#FPQ – BIRTH, SEX, AND SEXUAL IDENTITY

Fandango’s Provocative Question #111

From Fandango: “My question today is about your beliefs about gender. Some people believe that gender identity is the personal sense of one’s own gender. It can correlate with a person’s assigned sex at birth or can differ from it. Others, like Marjorie Taylor Greene, believe that gender identity is exclusively tied to a person’s sex at birth. If you’re born with a penis, you are male; if not, you’re female. Period. Full stop.” And so the question is:

I’ve always known I was female and while I’ve been occasionally interested in my own sex. I was especially interest during periods when men were being particularly difficult. I would imagine how much easier life would be with another woman with whom I could talk the way women talk. Nonetheless, I was clear about where I was. I loved my women friends, just not the way I loved those annoying men.al

I haven’t known had any close personal relationships with transgender persons, but I have known many gay men and women. All of them knew from adolescence onward that their attraction was to their own sex and not the other. While they could pretend a relationship with the “opposite” sex, it wasn’t real and couldn’t last. For some of us who really did love each other, it was a heartbreaker. Homosexuals are what they are. I think are that way from pretty young. I don’t think this is a modern trend. It has always been this way. Sexual identity — once established — does not change. We are just making a bigger fuss about it now than we did earlier.

I can only assume that “gender” identity is similar to sexual identity. You feel the way you feel because that’s how you were made. It’s not a choice. It just is. I don’t think we get to choose who we love, who we want, who we feel we are. That’s just the way it is. Attempts to change that identity don’t work, have never worked — past or present. Is this a scientific explanation? Nope. It’s what I have seen and experienced in my life.

A couple of my closest friends were gay men. They were perfect friends. Caring, sensitive and manly, but also intuitive and unlikely to get you in a sexual death-grip. Almost always able to listen with sympathy, ready to order in pizza in the middle of the night, and if you were my best friend, also ready to trim my hair.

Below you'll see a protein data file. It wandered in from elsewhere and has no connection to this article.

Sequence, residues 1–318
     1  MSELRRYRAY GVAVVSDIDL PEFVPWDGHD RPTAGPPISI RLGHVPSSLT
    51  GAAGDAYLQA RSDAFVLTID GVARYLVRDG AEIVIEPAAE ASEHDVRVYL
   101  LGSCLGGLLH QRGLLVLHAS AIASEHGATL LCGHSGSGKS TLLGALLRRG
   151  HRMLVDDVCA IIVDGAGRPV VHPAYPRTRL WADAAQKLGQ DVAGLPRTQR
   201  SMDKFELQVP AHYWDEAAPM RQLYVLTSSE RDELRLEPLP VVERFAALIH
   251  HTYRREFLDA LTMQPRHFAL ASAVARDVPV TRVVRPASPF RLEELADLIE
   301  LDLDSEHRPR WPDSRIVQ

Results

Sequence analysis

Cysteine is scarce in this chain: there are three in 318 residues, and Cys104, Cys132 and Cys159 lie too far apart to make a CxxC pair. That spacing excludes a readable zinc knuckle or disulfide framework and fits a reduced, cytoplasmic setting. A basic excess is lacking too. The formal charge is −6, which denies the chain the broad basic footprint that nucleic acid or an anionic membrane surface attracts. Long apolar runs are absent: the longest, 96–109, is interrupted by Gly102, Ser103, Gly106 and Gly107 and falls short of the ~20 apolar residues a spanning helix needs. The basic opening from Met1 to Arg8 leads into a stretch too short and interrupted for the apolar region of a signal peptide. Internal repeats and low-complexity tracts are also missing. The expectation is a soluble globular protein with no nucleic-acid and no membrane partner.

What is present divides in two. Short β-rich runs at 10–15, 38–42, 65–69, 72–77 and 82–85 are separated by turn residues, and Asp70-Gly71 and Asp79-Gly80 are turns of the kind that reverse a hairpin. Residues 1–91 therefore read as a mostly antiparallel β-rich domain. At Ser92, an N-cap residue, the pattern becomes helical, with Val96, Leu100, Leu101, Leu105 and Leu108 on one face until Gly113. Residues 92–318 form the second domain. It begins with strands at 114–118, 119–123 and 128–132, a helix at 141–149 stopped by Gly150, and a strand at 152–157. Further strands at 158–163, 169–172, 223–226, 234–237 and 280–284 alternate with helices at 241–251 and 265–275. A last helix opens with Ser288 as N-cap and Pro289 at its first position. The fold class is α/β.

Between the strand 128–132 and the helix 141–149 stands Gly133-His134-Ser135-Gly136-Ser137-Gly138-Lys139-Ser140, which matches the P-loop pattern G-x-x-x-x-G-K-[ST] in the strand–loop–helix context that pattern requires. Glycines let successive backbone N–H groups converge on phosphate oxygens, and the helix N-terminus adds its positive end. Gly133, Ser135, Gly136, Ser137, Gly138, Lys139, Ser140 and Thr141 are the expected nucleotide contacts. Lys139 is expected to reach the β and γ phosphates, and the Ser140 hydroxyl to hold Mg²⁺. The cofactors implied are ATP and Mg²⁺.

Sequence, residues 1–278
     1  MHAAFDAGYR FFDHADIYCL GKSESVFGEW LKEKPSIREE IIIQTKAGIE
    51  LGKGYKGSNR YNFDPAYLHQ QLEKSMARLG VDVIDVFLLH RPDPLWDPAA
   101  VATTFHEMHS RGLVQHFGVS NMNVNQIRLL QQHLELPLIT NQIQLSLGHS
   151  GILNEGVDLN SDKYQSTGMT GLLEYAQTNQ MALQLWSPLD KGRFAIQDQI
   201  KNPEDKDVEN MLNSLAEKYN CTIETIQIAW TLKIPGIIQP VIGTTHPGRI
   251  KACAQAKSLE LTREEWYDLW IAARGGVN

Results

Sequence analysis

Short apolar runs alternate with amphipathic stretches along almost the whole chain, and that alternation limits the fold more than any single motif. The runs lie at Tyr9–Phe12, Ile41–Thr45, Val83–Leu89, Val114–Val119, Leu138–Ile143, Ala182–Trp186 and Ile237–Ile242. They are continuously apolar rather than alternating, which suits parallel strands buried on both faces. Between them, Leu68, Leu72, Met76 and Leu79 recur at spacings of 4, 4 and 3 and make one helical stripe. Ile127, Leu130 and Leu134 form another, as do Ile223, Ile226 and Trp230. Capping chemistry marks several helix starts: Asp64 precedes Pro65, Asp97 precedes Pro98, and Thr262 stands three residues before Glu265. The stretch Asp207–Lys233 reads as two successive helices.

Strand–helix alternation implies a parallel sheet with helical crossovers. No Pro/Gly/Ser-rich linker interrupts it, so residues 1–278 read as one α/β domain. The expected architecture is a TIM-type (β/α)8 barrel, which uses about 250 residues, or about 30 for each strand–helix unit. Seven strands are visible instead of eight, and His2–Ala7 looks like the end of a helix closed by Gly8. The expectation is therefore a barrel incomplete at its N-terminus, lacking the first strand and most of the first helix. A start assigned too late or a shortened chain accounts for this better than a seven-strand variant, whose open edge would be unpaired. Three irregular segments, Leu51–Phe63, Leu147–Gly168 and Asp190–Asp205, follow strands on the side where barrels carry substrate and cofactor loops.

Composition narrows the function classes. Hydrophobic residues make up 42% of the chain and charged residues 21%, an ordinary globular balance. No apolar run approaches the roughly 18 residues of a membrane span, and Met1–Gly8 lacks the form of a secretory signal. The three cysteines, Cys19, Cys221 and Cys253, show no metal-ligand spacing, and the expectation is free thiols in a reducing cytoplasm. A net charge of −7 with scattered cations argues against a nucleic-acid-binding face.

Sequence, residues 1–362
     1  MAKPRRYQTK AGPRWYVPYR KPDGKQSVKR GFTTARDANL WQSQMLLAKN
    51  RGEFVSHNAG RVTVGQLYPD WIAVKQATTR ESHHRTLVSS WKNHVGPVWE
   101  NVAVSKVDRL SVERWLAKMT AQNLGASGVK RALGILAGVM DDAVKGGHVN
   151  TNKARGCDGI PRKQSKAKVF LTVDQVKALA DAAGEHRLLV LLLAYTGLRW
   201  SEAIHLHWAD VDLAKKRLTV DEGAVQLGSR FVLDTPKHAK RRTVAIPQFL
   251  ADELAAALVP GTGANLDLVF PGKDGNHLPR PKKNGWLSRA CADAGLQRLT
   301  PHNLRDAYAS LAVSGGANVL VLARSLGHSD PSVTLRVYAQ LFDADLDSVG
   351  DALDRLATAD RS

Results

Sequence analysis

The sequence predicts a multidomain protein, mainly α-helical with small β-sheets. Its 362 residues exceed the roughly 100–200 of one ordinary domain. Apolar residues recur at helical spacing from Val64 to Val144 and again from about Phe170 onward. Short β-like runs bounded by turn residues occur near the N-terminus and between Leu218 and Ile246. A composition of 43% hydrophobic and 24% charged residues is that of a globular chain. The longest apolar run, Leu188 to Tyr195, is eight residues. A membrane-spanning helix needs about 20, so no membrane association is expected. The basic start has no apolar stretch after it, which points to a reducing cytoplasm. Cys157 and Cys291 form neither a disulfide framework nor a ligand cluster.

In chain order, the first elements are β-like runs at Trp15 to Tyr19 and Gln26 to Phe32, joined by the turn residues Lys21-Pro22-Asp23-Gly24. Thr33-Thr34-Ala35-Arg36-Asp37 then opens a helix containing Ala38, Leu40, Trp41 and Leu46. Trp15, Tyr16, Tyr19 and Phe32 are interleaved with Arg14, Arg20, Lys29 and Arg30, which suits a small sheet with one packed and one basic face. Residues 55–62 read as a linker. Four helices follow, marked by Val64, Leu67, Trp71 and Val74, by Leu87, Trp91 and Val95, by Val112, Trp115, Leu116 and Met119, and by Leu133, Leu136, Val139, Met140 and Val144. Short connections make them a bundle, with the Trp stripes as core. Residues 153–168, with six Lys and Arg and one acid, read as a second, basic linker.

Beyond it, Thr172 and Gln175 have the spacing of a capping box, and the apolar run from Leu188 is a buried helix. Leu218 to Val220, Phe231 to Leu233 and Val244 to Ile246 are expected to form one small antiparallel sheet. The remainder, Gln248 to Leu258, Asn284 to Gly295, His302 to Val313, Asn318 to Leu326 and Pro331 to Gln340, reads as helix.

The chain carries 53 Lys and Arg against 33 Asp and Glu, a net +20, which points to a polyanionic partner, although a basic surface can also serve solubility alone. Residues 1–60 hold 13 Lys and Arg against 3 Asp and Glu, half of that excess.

Where is he now when I need him most?



Categories: #FPQ, Fandango's One Word Challenge, Provocative Questions

6 replies

  1. My opinion too. Some of my best male friends are gay and I often think what a waste they are for us women. They are so well tuned to female feelings which makes them such wonderful friends.
    My earliest conscious ‘taking note’ of being different from others was when, at 16yrs of age, we went sledging with a group and I was quite taken with my copilot, a beautiful boy who made me laugh and care for. At the end of a tumultuous run down our ‘house mountain’, a sledge trip of some 15’, he pulled me up from the sledge and snow, gave me a chaste kiss on the cheek and said the then powerful words: You know if I weren’t gay, I’d like you as my girlfriend….
    That was a long time ago and I still marvel that he told me these news so matter of factly. (Is that English?) This post made me remember him fondly. Thank you.

    Liked by 1 person

    • I remember going to gay bars with my friend and thinking “Look at all these handsome men and NONE of them are interested in me.” They were all well-dressed, well-groomed and mostly, charming too. Oh well. I have since met some pretty ratty unkempt gay men, so I guess it’s a matter of which crowd you are with. But yes, if they trust you enough, they will be very matter-of-fact about it. If they don’t trust you, they usually avoid you anyway.

      Liked by 2 people

  2. When I was a young man, a couple of guys I knew came out as gay and I was disturbed by that, as I couldn’t understand a man being sexually attracted to another man. But I did, later in life, get to know a gay couple and realized that what they had was as real as the love I had for my wife. Being homosexual for them was not a choice, just as being heterosexual was not a choice for me.

    Liked by 1 person

    • I was lucky in having close gay friends pretty early on. My best friend was in love with me. I loved him too. He thought he could change — for me — and I knew he couldn’t. He would try, but he would fail. We were both 30 and he’d never slept with a woman and I don’t think he wanted me. He just loved me.

      It was a heartbreaker because except for the minor detail of sex, we were wonderfully compatible. I don’t think he ever forgave me for refusing to marry him and I don’t blame him. He was hurt. It was hard to ask and much harder to be turned down, though I still think I was right. A relationship needs the chemistry. It’s part of whatever it is that holds you together from youth to age.

      Liked by 2 people

  3. Wonderfully put. I have had a lot of gay friends (too) and I miss being able to chat to them when things get sticky. Sadly enough a lot of my friends died in the 80s and 90s when AIDS took so many. *sigh* That’s where they are now, some of them. Others have just quietly got on with things.

    Like

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